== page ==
September 5, 2023
“We know youth are comfortable with using apps and using online platforms,” says Ella-Jean Schatzmann, who works out of the Addiction & Mental Health clinic in Bow Valley. “For us, it was just a little bit about catching up with that and really meeting our youth where they’re at, because this is the future.”Photo supplied.
Story by Shelley Rattray
For two years, EmmaLiese Thomsen has been getting help from Innowell, an e-Mental Health tool for designed for young adults, as part of the eMH Youth Research Project within Alberta Health Services (AHS) and the University of Calgary.
However, this isn’t the 19-year-old’s first experience with mental health assistance.
“I’ve been in therapy basically all my life,” she explains. “But I’m really supported with this tool.”
As a youth mental health advocate, Thomsen is actively involved in aiding others in their recovery. She collaborates with the AHS team to implement the Innowell tool in AHS Addiction & Mental Health (AMH) clinics and Primary Care Networks.
The Innowell e-mental health platform provides assessment tools, apps and e-tools along with online resources about clinical services. Young people between 15 and 24-years-old can use this tool through participating schools, physician clinics or community AMH clinics.
Innowell is currently available in 10 communities through 327 care providers. Young people, along with their care team, can access the platform which provides evidence-based supports including measurement-based care, digital supports and crisis options. “Using this tool is so rewarding because I can see how far I’ve come,” says Thomsen.
Innowell has also allowed the teen to use her time with clinicians in a different, more efficient way. “We can just jump right into things because I’ve been updating my progress and they’ve been able to see how I’ve been doing in between appointments.”
In addition to free apps, e-tools and resources, client progress is tracked and measured over time. Data is gathered and used collaboratively, by the provider and client together, to guide treatment and improve communication.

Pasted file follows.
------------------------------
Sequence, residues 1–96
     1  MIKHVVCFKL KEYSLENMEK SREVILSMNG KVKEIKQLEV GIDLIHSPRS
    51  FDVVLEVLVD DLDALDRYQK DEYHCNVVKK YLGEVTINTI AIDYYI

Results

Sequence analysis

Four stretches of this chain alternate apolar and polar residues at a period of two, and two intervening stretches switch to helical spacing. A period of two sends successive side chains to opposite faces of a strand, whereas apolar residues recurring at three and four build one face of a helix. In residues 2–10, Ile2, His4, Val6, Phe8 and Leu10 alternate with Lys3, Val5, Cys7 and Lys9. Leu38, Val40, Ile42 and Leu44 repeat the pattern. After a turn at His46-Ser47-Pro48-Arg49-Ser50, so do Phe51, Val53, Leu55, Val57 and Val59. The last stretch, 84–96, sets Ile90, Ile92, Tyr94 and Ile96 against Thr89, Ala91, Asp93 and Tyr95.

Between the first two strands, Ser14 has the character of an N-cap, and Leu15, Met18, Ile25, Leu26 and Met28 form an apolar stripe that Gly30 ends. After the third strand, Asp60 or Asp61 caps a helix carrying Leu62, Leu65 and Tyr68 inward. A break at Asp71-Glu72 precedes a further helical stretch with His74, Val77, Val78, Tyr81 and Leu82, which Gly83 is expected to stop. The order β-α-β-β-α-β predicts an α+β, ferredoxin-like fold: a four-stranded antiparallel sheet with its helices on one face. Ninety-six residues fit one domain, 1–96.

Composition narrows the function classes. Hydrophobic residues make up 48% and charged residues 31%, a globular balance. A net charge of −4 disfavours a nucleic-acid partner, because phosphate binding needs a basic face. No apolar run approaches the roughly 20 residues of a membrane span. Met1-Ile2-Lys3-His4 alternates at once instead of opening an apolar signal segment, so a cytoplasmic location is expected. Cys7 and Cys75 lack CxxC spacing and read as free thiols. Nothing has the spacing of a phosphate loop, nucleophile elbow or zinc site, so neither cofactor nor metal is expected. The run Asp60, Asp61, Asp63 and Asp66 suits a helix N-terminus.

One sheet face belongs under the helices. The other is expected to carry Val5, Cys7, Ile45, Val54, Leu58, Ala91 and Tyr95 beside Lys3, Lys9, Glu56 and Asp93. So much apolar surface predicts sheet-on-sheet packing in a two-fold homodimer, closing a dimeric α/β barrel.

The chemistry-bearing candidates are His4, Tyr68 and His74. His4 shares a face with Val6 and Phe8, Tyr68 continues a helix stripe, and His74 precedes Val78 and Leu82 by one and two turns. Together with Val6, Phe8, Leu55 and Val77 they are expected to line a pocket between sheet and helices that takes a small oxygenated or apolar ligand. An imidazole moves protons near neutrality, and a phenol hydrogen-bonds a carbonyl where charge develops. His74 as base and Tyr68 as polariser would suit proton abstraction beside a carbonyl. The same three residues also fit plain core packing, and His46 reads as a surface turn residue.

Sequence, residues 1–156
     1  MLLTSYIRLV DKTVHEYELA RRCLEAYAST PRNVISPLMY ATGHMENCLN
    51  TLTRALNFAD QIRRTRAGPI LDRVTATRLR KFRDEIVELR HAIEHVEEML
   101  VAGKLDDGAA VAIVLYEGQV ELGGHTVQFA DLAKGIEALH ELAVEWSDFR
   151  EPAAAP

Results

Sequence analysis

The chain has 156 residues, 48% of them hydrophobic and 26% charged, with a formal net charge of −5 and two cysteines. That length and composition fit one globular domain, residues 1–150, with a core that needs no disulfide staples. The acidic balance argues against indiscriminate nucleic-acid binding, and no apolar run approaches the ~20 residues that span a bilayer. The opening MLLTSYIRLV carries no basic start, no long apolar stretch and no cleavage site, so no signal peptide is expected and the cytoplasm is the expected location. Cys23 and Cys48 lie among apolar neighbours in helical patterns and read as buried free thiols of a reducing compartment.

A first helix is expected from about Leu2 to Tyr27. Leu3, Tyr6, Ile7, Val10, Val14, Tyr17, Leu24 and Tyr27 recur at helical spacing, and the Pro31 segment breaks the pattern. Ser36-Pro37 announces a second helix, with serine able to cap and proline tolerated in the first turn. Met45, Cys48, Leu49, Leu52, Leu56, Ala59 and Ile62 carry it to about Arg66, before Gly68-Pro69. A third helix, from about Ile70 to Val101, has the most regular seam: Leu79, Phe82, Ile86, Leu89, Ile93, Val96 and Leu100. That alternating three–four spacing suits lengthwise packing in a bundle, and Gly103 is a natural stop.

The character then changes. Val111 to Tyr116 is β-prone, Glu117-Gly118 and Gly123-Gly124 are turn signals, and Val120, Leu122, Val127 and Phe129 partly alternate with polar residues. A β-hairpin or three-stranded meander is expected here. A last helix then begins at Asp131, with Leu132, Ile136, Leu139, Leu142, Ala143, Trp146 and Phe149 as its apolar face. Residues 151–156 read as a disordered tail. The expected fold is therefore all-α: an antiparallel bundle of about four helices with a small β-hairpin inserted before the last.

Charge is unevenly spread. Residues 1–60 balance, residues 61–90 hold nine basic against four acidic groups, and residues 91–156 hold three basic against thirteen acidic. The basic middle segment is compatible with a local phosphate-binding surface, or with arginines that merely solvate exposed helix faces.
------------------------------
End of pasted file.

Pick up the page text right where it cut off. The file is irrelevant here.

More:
“We know youth are comfortable with using apps and using online platforms,” says Ella-Jean Schatzmann, who works out of the Addiction & Mental Health clinic in Bow Valley. “For us, it was just a little bit about catching up with that and really meeting our youth where they’re at, because this is the future. This is a really good opportunity to start to integrate technology in our care.
“We just know how important access is — and having goal-focused care is critical to that. This platform and these tools really help keep the care focused and prioritize the things that clients indicate matter the most. It’s a good tool to ensure that we’re maintaining that focus and the priorities that the youth indicate to us.”
Once the project concludes next June, the research and evaluation team will determine the impact of e-Mental Health as a support to existing systems. They will assess its impact on the experience of delivering and receiving care, clinical outcomes for youth and young adults, and mental health-related emergency department visits.
The project is funded by $1.9M by the Alberta Children’s Hospital Foundation, $1M from Alberta Innovates – Health Solutions, and $2M from the Alberta Health Addiction & Mental Health COVID-19 Response Grant. For the rollout, AHS Provincial Addiction & Mental Health and the University of Calgary are collaborating with Primary Care Networks, AHS Addiction and Mental Health, schools, community-based organizations and local youth.
Read more about the eMH Youth Research Project.